No longer do your lectures have to be confined to the classroom. With mobile technology, students can now take your classes with them wherever they go. Here are three new apps and tech tools that can make it easier than ever to flip your classroom or simply allow your students to review in-class material on their own time. A fourth, Lucidchart software, helps you and your students create professional-looking flowcharts.
Livescribe smartpens, which can record your writing and speaking simultaneously, can help you create demos for students to watch on their own time. If you talk through a problem in class while you write, the pen captures everything. You can then download the recording to your computer and create a unique URL to send to your students where they can watch you write and hear you talk through the problem just as you did in class.
(View an example by Greg Prescott, CPA, CGMA, DBA, assistant professor of accounting at the University of South Alabama, here. Click on the notebook page and then press “play” to see it in action; there may be a slight delay before the "play" button becomes available. Users need Adobe Flash Player to view the demonstrations.)
Prescott said he uses the Livescribe pen to work through any problems in the textbook chapters that he doesn’t cover in class. “When I’m at home, I will work the problem just like I would in class,” he said. He then uploads the recordings. That way, students who learn best by repetition can watch him do the problem multiple times.
Another advantage of Livescribe is that, if a student has to miss class, she can still experience the class as if she’d been in the room and not fall behind, Prescott said.
He praises the pen’s ease of use. “It’s cheap to implement, it’s cheap to maintain, and the students really like it,” he said.
Pens start at $129.95 and require Livescribe dot paper, starting at $8.95. Compatibility varies by pen model.
Whiteboard and screencasting app Educreations lets you create short instructional videos that include writing, audio, and graphics.
Educreations is only available on iPad; however, finished videos sync to your online Educreations account where they can be viewed on other devices. As with the LiveScribe pen, the app lets students see your handwriting take shape on the page while they hear your voice. You can also insert pictures or charts into videos and write in notes on them. (View an example by Gia Chevis, Ph.D., graduate accounting programs director and clinical associate professor at Baylor University.)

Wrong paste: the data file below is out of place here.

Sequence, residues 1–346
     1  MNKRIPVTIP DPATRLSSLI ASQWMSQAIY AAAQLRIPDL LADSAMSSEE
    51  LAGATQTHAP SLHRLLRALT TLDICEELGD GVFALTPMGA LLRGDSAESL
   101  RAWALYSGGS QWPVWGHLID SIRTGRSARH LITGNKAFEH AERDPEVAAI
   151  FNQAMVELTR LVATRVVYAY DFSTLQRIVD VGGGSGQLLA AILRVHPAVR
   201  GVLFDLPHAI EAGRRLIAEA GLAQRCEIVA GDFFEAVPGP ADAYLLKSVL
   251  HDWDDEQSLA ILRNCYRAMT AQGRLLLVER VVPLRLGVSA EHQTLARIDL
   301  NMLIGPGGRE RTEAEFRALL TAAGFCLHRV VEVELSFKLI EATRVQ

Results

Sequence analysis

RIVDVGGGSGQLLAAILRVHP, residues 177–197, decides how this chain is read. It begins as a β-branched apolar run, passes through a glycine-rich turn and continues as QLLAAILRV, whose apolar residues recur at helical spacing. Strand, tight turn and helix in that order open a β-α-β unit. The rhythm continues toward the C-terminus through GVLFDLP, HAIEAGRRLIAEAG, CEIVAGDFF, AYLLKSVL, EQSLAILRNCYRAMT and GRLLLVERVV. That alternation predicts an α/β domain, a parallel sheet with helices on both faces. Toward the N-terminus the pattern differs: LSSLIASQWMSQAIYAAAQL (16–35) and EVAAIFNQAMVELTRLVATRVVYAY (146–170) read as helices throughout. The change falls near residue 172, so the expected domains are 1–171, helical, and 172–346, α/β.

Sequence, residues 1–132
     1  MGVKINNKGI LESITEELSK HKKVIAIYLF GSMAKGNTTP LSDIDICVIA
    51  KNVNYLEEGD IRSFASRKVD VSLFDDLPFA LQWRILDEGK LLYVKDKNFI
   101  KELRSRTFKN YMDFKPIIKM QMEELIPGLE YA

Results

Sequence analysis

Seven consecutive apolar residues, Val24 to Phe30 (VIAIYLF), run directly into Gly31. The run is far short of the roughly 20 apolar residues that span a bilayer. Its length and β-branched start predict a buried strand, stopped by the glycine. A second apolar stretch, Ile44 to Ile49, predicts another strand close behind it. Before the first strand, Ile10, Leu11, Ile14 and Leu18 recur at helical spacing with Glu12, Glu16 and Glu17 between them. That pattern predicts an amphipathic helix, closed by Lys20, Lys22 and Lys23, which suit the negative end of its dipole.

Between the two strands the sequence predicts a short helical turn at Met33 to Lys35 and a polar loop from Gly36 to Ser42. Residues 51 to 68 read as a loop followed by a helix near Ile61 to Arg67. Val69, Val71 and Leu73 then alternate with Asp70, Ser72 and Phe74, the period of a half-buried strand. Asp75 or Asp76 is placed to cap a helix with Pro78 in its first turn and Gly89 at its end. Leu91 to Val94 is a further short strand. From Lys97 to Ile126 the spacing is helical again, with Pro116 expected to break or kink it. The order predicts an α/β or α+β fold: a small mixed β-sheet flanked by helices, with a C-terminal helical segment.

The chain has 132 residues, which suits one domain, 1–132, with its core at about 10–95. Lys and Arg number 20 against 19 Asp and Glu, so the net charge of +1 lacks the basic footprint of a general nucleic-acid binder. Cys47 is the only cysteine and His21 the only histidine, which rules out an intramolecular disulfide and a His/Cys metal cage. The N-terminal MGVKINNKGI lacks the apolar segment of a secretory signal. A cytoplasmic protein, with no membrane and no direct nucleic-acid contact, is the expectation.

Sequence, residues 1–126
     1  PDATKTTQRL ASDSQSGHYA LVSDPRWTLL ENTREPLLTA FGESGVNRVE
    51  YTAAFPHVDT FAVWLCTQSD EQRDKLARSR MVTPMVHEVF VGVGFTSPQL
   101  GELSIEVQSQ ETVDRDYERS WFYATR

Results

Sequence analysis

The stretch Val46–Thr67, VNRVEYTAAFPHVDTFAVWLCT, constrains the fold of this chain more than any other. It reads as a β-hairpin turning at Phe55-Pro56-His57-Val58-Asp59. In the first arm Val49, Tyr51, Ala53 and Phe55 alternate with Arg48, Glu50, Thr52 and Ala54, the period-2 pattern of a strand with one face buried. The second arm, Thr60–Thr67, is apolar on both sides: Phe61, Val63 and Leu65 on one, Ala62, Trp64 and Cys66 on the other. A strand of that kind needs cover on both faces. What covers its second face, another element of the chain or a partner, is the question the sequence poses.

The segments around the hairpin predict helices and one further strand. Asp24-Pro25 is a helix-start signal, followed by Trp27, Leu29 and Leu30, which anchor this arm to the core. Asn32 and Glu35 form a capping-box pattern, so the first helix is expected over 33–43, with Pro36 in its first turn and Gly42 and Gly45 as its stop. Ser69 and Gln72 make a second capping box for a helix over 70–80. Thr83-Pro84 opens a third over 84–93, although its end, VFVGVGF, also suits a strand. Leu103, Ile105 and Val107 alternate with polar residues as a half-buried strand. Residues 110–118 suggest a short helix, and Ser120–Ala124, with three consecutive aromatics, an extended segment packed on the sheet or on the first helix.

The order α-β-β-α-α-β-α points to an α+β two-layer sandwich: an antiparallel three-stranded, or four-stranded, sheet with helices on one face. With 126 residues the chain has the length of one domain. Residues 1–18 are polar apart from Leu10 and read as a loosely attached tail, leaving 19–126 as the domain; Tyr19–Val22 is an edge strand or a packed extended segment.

Educreations videos “help students prepare for class better and be more active and engaged versus just reading the chapter,” Chevis said.
In her introductory financial accounting class, for example, rather than just reading a textbook chapter before class, students can now watch a tutorial through Educreations on debt-to-equity ratios, then read the chapter and work on a practice problem in the book. If they don’t understand the problem, they can go back and watch the tutorial again.
Students are then up to speed when they enter the classroom and ready for more complex work.
“It’s making basic prep easier for them to do on their own,” Chevis said. “It frees up class time for the more difficult, but more important parts.”
Basic subscription is free. Pro Classroom subscription for a teacher and 40 or more students is $8.25/month. Pro School subscription for 10 or more teachers starts at $1,495/year.
Since the majority of college students now own a mobile device, it makes sense that they be able to access content from their professors while they’re on the go. The app Audacity lets you create a podcast-style recording that students can listen to at home or even walking through campus. After you record through a microphone connected to your computer, you can use the app’s editing features to cut material or make corrections.
Podcasts, as Chevis noted, “are even more portable than video-based tutorials and still make it easy to navigate to review items of interest or confusion.” As with videos, podcasts can be used as the lecture portion of a flipped classroom or to allow students to review material outside of class.
Free. Compatible with Windows, Mac OS X, and GNU/Linux, as well as other operating systems.
Cloud-based diagramming software Lucidchart walks you through the creation of professional-looking flowcharts so you can document and/or model accounting systems without a lot of headaches.
“The ease of use is off the charts,” said Laura Rickett, CPA, Ph.D., assistant professor of accounting at Cleveland State University.
You can choose from one of the program’s templates or create your own custom diagrams. Once you pick a template, you drag shapes from a shape toolbox to begin, then use the mouse to “click and drag” to make lines within the chart. You can add images as well through an “upload” function.
Students can also use Lucidchart to share their documents and work collaboratively, with the final product synced among users.
“Students are advancing their systems documentation and modeling skills by having such an easy-to-use application for such purposes, which provides a very high-quality end product,” Rickett said.
Free subscriptions for educators and students. Works on almost any device that uses the internet.